Saturday, August 23, 2014

Sara Mayeux — Three Ways of Explaining the Rise of “Law and Economics,” and Also, One Way

Weekend reading. Short summary of the shift in thinking about the relationship of economics and law that led to the conservative legal revolution that has shaped American law and its friendliness to economics interests. No it wasn't only the appointment of conservative judges, but a shift in legal theory based on activism on the part of the Chicago School of neoliberalism. This legal theory is now a cornerstone of US insitutional neoliberalism.
Today it can be hard to understand why applying economics to law could be controversial, both because of the cultural prominence of economics generally and because it has become so commonplace to talk about law in economic terms: to question how regulations affect the efficiency of a particular market, for instance, or to accuse some statutory regime of enacting perverse incentives, or to suggest that some policy has been pushed past the point of diminishing returns.… 
And yet, this particular economic mode of thinking and talking about the law only dates to about 1960, and only became widely influential in the 1970s and ’80s.… 
Between the 1960s and 2014, then, what changed? At the basic level of events and chronology, it is not hard to trace the rise of law and economics. Scholars typically identify the University of Chicago as the relevant holy land, Ronald Coase’s 1960 article, “The Problem of Social Cost,” as the gospel of modern law and economics, and Richard Posner’s 1973 book Economic Analysis of Law, which synthesized and riffed on the burgeoning literature for a wide audience, as its letters from Paul. But to name the key texts and figures in a school of thought is one thing; it’s another to explain how and why those texts and figures gained influence—why anyone read them, much less took them seriously. 
Summary of how we got here.
The cleanest way I can see to synthesize these three accounts would go something like this: [Brad] Snyder’s tale of generational rebellion explains the motivation that drove leading figures like Posner to want to chart a new path in legal thought away from legal process theory. [Daniel] Rodgers’s big-picture intellectual context explains why this particular new path was among the routes visible to them at the moment they began looking (and perhaps why it was among the more attractive such paths). And finally, [Steven] Teles’s nuts-and-bolts account explains why so many others followed down the path, once it had been marked—it reconstructs the vectors of institutional support and funding that brought these ideas into contact with judges, lawyers, legal scholars, and other interested observers of law who might not have had any particular generational motivation to worry about process theory, and who might not have had any particularly systematic exposure to the welter of market concepts that Rodgers discusses, but who, once they encountered law and economics in its various vernacular iterations, decided it sounded plausible enough to them (and/or that it served other interests they had) that they became converts.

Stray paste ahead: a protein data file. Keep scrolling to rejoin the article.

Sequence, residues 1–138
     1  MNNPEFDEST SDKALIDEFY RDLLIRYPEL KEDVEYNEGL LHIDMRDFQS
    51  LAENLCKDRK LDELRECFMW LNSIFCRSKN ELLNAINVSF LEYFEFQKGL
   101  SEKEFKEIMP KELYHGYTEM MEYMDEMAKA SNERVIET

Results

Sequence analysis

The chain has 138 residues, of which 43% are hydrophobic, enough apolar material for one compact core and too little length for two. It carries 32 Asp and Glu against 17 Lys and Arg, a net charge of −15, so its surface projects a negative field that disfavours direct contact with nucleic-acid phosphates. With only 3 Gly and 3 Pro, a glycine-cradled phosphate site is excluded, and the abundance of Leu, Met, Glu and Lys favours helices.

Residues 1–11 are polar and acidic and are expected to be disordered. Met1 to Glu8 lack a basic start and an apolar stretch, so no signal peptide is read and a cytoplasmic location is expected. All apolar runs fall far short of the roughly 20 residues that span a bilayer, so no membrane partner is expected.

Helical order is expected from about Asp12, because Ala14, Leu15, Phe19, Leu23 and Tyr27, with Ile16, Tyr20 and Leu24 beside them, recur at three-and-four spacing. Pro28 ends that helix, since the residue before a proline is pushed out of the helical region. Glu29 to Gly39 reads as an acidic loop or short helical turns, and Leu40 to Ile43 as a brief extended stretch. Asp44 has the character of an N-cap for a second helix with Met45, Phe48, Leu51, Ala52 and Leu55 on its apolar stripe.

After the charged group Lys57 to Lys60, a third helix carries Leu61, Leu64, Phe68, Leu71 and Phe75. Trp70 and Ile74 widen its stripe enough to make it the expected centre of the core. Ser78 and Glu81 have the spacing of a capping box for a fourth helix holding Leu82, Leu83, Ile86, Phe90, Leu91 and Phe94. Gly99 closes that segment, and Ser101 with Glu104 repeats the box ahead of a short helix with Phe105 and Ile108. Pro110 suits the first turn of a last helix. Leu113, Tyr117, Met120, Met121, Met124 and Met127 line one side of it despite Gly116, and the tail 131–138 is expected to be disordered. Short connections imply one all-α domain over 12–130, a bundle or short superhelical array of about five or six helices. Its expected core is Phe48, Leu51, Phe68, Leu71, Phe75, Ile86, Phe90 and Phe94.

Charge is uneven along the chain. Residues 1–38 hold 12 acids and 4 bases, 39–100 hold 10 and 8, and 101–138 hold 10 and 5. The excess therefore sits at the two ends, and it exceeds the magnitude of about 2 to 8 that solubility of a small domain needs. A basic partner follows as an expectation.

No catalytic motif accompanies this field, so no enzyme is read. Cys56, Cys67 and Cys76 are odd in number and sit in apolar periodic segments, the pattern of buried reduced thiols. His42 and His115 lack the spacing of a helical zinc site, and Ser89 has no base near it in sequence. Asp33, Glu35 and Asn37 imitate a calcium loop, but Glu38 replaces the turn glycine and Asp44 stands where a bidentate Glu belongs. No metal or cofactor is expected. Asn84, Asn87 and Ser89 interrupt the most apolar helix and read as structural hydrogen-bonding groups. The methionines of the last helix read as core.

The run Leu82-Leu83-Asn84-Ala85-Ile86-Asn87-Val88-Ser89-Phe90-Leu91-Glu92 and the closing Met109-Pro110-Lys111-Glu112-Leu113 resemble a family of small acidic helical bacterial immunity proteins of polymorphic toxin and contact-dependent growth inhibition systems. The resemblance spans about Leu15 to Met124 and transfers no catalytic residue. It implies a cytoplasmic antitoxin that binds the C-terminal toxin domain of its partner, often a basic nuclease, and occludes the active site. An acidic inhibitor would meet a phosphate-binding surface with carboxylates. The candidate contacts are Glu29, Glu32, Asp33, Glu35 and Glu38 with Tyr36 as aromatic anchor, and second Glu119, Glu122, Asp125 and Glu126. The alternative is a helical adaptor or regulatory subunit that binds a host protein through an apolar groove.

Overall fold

Now maybe that’s not right because there’s some deep flaw with one or more of these accounts that I’m overlooking, or because it’s not the best calibration among the three accounts; and of course it’s too schematic, insofar as it implies that phenomena such as motivation, mindsets, and institutional support operate independently and on entirely different levels from one another. But it strikes me as one plausible enough way to explain the rise of law and economics.
Neoliberalism is basically the application of classical economic liberalism to law and politics. It was spawned by the Chicago School and its spread was funded by wealthy donors.

The trend has been away from traditional thinking toward rational choice theory and the assumptions of neoclassical economics, that is economic liberalism at the expense of social liberalism and its focus on human rights and civil liberties.

U. S. Intellectual History Blog
Three Ways of Explaining the Rise of “Law and Economics,” and Also, One Way
Guest Post by Sara Mayeux, a Sharswood Fellow at the University of Pennsylvania Law School and a PhD candidate in history at Stanford

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